• The dollar will remain overvalued until the damage makes it unsustainable.

          What concerns me is the very real possibility that the indicator of “unsustainable” will be the smoking ruin of all of our trade exposed industries.

          It will be too late to rebuild then and we will be rooted. All of the capital intensive mining projects will be completed (or close to it) and they certainly won’t be able to take up the employment slack.

          I feel ill with worry for our country…..

          • +1.

            What is of similar concern is that, even if not left “a smoking ruin”, decimation of key *exchange-rate-exposed* industries will leave a sufficiently large percentage either bankrupt or ripe for takeover by “foreign investors”, such as those our pollies are presently inviting to make further inroads into ownership/control of our agri/food sector.

            I fear a scenario where Oz is rendered entirely beholden for its basic needs (food, energy, defence, etc) to the kindliness and non-rapaciousness of others.

          • I feel ill with worry for our country…..

            No need to worry. Our best and brightest (Parko, Gruen, Gittins, Boom Boom) have determined that Asian demand for our resources will grow exponentially ad infinitum.

            We can therefore accelerate the transition from a diverse mixed economy, to a welfare state supported by mining income.

          • Don’t worry. Skills Minister Chris Evans is there to help ya:

            Workers must retrain, low-skill jobs go

            The new Australian Workforce and Productivity Agency replaces Skills Australia

            Ok.. he just renamed a department that was started 2 years ago. i.e. more BrochureWare, as against concrete policy initiatives.

            Who does he think we are, morons?

      • “It’s the commodity boom and the link to debased currencies that’s the issue..”

        +1. Especially the latter point.

        H&H, how would one go about beginning to quantify the amount of bailout / QE monies that Primary Dealers and investment banks have funnelled into commodity speculation, esp. iron ore, copper etc, rather than simply parking back with the CB’s?

      • ‘It simply wasn’t high before…you have no evidence’
        Do you just have a closed mind?

        The dollar has been too high for as far back as I can remember and that is getting to be a long time. You don’t think a chronic ad out of control high CAD is evidence of a too high A$? You don’t think the smashing of rural Australia and the quite deliberate wrecking of its social structure had anything to do with too high a value for the A$?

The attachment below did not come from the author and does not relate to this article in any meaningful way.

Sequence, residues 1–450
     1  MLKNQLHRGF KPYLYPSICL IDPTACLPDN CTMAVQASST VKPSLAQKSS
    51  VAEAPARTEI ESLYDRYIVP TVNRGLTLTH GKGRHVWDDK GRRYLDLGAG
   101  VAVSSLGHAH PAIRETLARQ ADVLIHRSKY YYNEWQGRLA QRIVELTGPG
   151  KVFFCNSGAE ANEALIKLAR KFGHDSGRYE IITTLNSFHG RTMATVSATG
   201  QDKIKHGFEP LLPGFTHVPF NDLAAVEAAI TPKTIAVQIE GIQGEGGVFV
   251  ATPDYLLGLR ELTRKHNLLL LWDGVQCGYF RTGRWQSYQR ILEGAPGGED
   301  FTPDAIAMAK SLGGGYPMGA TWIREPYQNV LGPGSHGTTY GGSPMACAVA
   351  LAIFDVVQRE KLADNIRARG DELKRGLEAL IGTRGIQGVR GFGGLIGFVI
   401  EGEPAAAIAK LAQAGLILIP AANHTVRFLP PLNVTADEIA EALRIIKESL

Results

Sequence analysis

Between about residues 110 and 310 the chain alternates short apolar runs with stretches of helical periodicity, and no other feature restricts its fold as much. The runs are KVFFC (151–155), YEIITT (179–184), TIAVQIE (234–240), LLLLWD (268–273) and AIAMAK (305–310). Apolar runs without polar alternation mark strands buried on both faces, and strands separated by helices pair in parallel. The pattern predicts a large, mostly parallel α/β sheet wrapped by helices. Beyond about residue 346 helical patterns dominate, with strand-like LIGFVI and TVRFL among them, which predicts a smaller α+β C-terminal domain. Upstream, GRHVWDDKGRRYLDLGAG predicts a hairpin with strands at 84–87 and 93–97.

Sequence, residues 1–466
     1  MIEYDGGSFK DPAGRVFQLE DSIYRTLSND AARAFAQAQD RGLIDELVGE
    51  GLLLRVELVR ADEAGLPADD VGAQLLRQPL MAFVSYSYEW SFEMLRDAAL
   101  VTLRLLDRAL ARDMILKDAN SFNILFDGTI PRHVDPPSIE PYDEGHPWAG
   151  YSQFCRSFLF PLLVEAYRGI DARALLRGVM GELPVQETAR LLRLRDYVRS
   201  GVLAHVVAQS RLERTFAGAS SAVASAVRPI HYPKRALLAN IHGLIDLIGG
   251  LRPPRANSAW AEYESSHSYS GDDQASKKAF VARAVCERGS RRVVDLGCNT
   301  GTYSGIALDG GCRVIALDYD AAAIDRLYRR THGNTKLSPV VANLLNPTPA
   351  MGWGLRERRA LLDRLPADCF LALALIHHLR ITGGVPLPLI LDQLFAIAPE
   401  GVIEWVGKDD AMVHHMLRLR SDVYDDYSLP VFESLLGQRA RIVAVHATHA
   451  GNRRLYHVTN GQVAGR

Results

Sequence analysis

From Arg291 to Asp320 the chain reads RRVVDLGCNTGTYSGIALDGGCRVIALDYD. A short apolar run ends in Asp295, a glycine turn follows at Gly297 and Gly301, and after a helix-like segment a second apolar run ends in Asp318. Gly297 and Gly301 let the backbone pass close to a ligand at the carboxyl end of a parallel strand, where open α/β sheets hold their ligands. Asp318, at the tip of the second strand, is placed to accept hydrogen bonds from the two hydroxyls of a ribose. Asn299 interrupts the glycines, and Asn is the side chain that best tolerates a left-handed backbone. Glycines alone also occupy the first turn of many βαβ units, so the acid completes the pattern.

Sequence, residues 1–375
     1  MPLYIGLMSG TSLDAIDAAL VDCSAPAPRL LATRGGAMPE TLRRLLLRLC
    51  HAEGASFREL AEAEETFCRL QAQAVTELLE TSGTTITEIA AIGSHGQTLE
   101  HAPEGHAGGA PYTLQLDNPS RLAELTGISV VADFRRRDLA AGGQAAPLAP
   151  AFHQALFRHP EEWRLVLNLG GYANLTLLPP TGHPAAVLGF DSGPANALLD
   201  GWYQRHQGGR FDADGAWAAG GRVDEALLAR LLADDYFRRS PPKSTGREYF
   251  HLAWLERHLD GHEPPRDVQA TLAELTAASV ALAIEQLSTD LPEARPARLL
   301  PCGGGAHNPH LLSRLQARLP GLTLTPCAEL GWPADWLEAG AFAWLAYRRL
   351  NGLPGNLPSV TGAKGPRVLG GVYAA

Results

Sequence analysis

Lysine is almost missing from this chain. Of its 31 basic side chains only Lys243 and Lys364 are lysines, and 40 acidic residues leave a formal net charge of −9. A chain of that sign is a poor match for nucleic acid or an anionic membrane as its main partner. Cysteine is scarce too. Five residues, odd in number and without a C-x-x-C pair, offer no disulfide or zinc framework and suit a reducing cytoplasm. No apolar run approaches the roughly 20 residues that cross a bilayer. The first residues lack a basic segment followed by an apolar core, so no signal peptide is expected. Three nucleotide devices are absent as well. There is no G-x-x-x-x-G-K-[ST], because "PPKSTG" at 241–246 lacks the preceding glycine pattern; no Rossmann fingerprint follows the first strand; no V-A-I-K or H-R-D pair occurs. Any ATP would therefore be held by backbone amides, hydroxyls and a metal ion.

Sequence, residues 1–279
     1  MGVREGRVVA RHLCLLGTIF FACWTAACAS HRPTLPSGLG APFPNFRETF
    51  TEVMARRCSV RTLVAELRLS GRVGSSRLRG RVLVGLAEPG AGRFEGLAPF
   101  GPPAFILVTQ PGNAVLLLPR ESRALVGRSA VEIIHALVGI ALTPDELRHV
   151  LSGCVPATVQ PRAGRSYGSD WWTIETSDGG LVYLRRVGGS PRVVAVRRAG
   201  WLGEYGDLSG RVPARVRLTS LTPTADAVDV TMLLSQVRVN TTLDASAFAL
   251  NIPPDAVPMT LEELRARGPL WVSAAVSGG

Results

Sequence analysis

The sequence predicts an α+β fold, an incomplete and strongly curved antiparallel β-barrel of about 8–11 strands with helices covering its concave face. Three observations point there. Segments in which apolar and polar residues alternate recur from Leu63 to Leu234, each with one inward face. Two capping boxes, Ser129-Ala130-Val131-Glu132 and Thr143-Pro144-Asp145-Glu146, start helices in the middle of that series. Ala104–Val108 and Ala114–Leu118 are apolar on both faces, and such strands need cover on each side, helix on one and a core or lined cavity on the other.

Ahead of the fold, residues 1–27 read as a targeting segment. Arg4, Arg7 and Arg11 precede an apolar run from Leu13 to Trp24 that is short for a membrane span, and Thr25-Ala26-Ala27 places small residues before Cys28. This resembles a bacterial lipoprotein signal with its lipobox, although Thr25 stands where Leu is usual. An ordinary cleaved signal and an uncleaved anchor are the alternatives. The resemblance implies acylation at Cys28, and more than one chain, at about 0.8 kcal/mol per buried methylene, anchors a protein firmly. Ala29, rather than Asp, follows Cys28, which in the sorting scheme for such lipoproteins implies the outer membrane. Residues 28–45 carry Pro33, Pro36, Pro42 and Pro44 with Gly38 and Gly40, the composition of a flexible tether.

If mining was the problem we would have a CAS and so much cash we’d be running a genuine SWF. We wouldn’t be trying to fudge numbers.

        As you know I was aware long before you that the Aus mining industry was 80% foreign owned. I might be worng but I think it was i who raised the issue in these forums. I have been using that piece of evidence concerning what is wrong for about 7 or 8 years when it was a calculation of my own.

        You don’t think all the ‘hot money’ and the capital that has come here to purchase all our industry and mines has had any effect on the value of the currency?
        You don’t find it strange that trade in the currency is some 140 times that necessary to cover all imports and exports?

        • P.S. Debased currencies are an issue…but we are quite happy to accept them as payment for our resources and industries in order to maintain our lifestyles.
          So Aus has no problem with other country’s currency debasement.

        • Just Dismal 2

          Precisely. The real problem is we spend more than we earn, and that is what is destroying our industries.

  4. The Patrician

    “Although I still think the Australian Dollar remains a risk proxy not a safe haven”

    Depends on your definition of a safe haven.

    Do you consider the NOK or the CHF safe havens?

  5. If Bernanke pounds USD its all rather moot.

    Protectionism ‘beggar thy neighbour’ exacerbated the First Depression.

    Currency wars ‘beggar thy neighbour’ will exacerbate the Second.

    Australia needs to set up swap lines with the respective countries against KRW, YEN and CNY bypassing USD.